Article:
Defendants state that Director "Besteman was required to reclassify [Rogers] because Plaintiff was found guilty of a work-related misconduct." (ECF No. 58, PageID.267.) However, the cited MDOC provision states that a "prisoner shall not be returned to the same assignment if the Classification Director determines it to be a threat to the safety or security of the facility." (ECF No. 58-3, PageID.298 (MDOC PD 05.01.100 ¶ II) (emphasis added).) Other than Defendants simply arguing that Rogers's April 24, 2015 misconduct was work-related, there is no evidence that states that Rogers's misconduct was "a threat to the safety or security of the facility." (Id.) Moreover, when considered for reclassification, "[a] prisoner may be reclassified as unemployable" when "[t]he prisoner has a documented history of disruptive behavior on a work or academic assignment." (Id., PageID.297 (MDOC PD 05.01.100 ¶ BB) (emphasis added).) Simply put, Director Besteman had discretion when deciding whether to reclassify Rogers as being unemployable. --------
G. Qualified Immunity Argument
As an alternative argument, Defendants argue that they are shielded from liability based on the doctrine of qualified immunity. Specifically, Defendants contend that Rogers failed to provide sufficient facts to establish whether Rogers constitutional rights were violated. For the following reasons, the undersigned concludes that only one of Rogers's constitutional claims is barred by qualified immunity.
"Under the doctrine of qualified immunity, 'government officials performing discretionary functions generally are shielded from liability for civil damages insofar as their conduct does not violate clearly established statutory or constitutional rights of which a reasonable person would have known.'" Phillips v. Roane Cty., 534 F.3d 531, 538 (6th Cir. 2008) (quoting Harlow v. Fitzgerald, 457 U.S. 800, 818 (1982)). Once a defendant raises the qualified immunity defense, the burden shifts to the plaintiff to demonstrate that the defendant officer violated a right so clearly established "that every 'reasonable official would have understood that what he [was] doing violate[d] that right.'" Ashcroft v. al-Kidd, 563 U.S. 731, 741 (2011) (quoting Anderson v. Creighton, 483 U.S. 635, 640 (1987)). The analysis entails a two-step inquiry. Martin v. City of Broadview Heights, 712 F.3d 951, 957 (6th Cir. 2013). First, the court must "determine if the facts alleged make out a violation of a constitutional right." Id. (citing Pearson v. Callahan, 555 U.S. 223, 232 (1982)). Second, the court asks if the right at issue was "'clearly established' when the event occurred such that a reasonable officer would have known that his conduct violated it." Id. (citing Pearson, 555 U.S. at 232). A court may address these steps in any order. Id. (citing Pearson, 555 U.S. at 236). A government official is entitled to qualified immunity if either step of the analysis is not satisfied. See Citizens in Charge, Inc. v. Husted, 810 F.3d 437, 440 (6th Cir. 2016).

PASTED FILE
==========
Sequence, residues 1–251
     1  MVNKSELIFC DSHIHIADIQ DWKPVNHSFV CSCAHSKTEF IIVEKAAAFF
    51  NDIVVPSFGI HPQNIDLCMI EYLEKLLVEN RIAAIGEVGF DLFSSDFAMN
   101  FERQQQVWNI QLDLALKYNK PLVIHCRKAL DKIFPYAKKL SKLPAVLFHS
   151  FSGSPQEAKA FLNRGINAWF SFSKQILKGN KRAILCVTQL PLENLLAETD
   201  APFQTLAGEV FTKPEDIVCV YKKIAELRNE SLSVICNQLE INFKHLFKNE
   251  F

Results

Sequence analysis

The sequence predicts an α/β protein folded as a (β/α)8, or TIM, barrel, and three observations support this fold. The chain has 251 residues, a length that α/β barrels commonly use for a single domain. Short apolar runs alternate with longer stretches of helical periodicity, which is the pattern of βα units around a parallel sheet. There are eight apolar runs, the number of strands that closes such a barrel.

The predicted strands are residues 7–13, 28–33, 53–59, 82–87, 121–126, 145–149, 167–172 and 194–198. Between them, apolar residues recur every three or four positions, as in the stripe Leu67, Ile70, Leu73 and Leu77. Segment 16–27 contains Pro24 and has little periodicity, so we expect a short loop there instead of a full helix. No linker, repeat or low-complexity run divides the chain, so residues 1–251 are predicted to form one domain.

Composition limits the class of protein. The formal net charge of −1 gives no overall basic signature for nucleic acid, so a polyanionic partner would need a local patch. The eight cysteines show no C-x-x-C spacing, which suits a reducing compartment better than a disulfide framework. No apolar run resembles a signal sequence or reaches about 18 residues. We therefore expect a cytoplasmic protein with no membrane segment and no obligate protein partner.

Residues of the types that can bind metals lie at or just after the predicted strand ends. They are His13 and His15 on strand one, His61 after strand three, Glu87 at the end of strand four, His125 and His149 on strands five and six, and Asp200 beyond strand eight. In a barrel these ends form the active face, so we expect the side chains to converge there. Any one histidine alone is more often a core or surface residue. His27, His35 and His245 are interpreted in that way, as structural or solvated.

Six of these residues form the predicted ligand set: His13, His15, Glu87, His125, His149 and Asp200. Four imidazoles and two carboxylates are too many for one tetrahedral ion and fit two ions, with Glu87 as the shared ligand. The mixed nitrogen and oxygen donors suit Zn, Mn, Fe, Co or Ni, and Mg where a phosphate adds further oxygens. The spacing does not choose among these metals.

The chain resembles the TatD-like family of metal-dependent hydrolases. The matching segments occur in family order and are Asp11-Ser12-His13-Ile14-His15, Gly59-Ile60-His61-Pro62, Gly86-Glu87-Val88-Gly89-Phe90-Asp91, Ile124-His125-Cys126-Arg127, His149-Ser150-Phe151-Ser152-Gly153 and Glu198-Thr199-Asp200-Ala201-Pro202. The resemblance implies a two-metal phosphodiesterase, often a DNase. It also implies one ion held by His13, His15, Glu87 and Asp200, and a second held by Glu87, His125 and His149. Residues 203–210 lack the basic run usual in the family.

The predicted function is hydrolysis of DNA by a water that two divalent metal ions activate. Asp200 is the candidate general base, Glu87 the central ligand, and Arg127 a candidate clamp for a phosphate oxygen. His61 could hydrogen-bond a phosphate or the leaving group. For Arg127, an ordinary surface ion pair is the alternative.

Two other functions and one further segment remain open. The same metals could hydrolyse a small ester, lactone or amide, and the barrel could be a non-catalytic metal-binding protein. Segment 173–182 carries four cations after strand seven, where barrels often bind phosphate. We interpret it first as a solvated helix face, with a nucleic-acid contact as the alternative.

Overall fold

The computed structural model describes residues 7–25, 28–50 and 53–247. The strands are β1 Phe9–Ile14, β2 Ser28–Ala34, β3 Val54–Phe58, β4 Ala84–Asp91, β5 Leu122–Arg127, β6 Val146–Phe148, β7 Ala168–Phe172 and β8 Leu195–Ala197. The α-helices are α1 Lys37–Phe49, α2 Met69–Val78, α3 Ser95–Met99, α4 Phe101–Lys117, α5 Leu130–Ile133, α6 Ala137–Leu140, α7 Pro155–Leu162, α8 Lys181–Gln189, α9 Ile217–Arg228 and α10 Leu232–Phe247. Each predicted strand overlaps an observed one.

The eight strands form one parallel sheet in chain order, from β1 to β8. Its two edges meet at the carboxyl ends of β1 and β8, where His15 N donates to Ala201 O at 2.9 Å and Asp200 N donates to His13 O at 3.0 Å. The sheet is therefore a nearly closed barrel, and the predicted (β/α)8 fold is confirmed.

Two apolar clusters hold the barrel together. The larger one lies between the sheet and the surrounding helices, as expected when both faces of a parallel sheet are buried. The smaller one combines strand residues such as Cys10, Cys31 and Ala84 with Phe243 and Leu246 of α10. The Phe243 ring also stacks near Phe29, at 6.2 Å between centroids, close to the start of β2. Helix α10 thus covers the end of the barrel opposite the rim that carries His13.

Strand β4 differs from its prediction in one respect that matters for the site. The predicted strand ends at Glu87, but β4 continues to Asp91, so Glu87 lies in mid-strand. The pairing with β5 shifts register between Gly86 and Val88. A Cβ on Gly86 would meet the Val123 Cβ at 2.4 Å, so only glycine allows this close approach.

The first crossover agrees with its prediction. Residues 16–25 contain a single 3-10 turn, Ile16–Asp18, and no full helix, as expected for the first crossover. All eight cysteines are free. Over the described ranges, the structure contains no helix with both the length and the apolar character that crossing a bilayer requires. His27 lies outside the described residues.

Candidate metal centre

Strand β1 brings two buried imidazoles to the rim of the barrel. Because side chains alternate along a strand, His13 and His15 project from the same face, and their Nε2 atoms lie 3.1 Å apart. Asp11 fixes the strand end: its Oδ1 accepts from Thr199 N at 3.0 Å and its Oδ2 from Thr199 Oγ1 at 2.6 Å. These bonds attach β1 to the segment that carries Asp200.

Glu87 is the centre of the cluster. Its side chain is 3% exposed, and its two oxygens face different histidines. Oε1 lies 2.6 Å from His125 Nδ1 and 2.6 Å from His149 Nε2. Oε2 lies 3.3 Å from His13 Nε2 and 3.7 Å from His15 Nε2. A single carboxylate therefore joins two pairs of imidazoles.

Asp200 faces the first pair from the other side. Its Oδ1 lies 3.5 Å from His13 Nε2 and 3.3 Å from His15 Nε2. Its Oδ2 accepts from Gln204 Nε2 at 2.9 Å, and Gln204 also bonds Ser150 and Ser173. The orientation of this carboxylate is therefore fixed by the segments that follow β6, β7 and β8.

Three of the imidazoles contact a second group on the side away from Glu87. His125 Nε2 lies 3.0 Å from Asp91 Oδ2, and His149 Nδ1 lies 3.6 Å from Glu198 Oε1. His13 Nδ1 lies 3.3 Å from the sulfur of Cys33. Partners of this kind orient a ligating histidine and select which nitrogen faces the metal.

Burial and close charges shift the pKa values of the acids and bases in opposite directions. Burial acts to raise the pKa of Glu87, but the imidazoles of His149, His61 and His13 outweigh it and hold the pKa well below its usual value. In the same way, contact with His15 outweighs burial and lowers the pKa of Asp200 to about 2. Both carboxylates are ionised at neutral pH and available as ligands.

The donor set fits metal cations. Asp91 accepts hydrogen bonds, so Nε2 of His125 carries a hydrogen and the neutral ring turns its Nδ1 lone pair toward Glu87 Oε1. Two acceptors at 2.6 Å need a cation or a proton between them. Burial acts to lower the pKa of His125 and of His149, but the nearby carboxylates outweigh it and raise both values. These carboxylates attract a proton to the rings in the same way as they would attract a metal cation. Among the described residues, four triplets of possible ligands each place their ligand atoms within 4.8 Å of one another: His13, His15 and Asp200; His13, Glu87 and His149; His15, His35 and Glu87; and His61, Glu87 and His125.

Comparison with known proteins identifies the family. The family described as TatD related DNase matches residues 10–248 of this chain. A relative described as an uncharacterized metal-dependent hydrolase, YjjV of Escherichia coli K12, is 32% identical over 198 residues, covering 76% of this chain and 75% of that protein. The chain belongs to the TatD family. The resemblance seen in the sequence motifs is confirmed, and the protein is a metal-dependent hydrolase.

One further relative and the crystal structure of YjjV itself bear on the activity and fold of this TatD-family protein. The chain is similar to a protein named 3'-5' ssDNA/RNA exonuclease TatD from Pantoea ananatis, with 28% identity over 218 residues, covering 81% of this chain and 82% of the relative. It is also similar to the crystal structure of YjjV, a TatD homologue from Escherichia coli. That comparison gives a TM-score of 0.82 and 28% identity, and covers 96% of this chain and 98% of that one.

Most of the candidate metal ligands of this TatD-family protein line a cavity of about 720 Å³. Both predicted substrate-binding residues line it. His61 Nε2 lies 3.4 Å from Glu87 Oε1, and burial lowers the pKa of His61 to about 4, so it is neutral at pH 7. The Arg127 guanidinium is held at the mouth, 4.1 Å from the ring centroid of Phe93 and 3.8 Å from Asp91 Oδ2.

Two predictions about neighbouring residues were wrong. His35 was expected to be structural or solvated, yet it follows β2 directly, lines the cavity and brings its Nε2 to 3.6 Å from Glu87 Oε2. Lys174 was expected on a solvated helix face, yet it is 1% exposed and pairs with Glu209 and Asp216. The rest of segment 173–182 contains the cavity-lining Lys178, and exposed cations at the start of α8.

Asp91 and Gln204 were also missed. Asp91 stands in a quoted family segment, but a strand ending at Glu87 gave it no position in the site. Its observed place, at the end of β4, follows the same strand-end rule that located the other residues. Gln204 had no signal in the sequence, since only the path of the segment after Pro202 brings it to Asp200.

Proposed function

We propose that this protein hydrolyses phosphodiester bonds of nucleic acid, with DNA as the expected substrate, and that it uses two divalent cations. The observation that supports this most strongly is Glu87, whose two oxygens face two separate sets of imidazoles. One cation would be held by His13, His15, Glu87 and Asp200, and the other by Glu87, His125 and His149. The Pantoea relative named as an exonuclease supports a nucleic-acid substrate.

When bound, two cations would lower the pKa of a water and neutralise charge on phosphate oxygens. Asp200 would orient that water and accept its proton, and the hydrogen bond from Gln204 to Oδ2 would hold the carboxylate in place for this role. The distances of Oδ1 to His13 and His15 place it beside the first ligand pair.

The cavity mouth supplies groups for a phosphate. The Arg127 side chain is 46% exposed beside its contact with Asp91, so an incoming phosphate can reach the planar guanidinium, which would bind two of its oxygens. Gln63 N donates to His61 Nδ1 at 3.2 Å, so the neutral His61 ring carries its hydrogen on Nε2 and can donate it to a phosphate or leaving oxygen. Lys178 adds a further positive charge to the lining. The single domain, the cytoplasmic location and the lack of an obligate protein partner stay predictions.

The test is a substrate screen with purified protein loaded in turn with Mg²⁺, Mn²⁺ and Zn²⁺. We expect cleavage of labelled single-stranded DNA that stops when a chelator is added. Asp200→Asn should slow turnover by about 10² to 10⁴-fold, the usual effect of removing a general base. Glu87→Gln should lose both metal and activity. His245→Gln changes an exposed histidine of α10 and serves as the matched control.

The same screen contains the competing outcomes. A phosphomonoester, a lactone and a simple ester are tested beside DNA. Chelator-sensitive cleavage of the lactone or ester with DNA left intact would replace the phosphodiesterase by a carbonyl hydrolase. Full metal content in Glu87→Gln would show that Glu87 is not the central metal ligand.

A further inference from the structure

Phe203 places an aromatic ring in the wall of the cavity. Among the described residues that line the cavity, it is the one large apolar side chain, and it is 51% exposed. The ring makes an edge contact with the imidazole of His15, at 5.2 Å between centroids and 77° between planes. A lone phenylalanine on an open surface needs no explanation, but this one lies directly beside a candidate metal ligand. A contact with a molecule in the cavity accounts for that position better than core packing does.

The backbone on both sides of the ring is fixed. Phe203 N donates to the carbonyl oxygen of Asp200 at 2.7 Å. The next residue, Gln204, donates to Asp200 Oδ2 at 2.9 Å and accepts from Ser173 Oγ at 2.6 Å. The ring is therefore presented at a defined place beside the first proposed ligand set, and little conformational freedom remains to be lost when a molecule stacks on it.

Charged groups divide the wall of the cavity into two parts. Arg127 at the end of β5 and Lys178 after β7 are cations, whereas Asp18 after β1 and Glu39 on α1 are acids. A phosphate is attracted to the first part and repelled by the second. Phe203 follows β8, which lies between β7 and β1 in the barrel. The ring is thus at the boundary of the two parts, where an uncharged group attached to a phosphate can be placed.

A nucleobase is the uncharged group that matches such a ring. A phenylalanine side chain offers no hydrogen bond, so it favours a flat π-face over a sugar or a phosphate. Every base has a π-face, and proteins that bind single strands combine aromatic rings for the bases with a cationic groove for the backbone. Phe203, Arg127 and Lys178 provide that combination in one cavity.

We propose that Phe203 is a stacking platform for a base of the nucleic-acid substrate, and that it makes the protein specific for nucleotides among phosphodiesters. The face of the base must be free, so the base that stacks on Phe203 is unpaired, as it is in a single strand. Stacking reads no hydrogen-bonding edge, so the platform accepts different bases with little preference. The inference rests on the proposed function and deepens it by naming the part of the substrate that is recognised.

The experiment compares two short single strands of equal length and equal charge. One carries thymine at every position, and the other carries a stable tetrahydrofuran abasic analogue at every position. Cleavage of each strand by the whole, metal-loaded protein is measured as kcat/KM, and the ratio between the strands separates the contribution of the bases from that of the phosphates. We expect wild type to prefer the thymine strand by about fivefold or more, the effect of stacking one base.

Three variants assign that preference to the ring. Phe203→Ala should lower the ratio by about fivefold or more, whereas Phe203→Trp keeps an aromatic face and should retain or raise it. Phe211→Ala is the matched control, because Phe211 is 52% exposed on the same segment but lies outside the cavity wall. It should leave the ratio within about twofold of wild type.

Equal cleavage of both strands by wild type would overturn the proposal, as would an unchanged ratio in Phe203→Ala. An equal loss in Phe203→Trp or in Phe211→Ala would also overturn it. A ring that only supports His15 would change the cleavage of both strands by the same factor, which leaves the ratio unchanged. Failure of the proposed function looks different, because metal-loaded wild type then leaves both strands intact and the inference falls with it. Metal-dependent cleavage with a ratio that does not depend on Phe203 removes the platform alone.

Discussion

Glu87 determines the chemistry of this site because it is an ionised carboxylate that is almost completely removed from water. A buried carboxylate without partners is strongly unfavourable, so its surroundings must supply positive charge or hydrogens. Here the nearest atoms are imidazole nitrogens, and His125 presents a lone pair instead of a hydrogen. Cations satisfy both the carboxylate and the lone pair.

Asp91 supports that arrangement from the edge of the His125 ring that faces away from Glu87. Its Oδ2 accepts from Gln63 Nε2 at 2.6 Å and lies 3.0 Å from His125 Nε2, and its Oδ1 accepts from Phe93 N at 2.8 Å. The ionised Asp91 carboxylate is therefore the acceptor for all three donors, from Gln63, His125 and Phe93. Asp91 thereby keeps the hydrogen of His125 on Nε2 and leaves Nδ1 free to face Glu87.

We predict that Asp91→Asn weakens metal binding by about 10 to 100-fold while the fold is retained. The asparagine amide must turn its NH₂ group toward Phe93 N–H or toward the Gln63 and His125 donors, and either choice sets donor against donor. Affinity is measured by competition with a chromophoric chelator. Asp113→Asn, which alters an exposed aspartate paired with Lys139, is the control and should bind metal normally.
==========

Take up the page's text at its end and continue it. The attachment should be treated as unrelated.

In applying the first step of the qualified immunity analysis, a court must identify "the specific constitutional right allegedly infringed" and determine whether a violation occurred. Graham v. Connor, 490 U.S. 386, 394 (1989). The court considers the state of the law at the second step. As the Supreme Court has observed, "this Court's case law does not require a case directly on point for a right to be clearly established, [but] existing precedent must have placed the statutory or constitutional question beyond debate." White v. Pauly, 137 S. Ct. 548, 551 (2017) (internal quotation marks and original brackets omitted) (quoting Mullenix v. Luna, 136 S. Ct. 305, 308 (2015)). As explained by the Supreme Court:
To be clearly established, a legal principle must have a sufficiently clear foundation in then-existing precedent.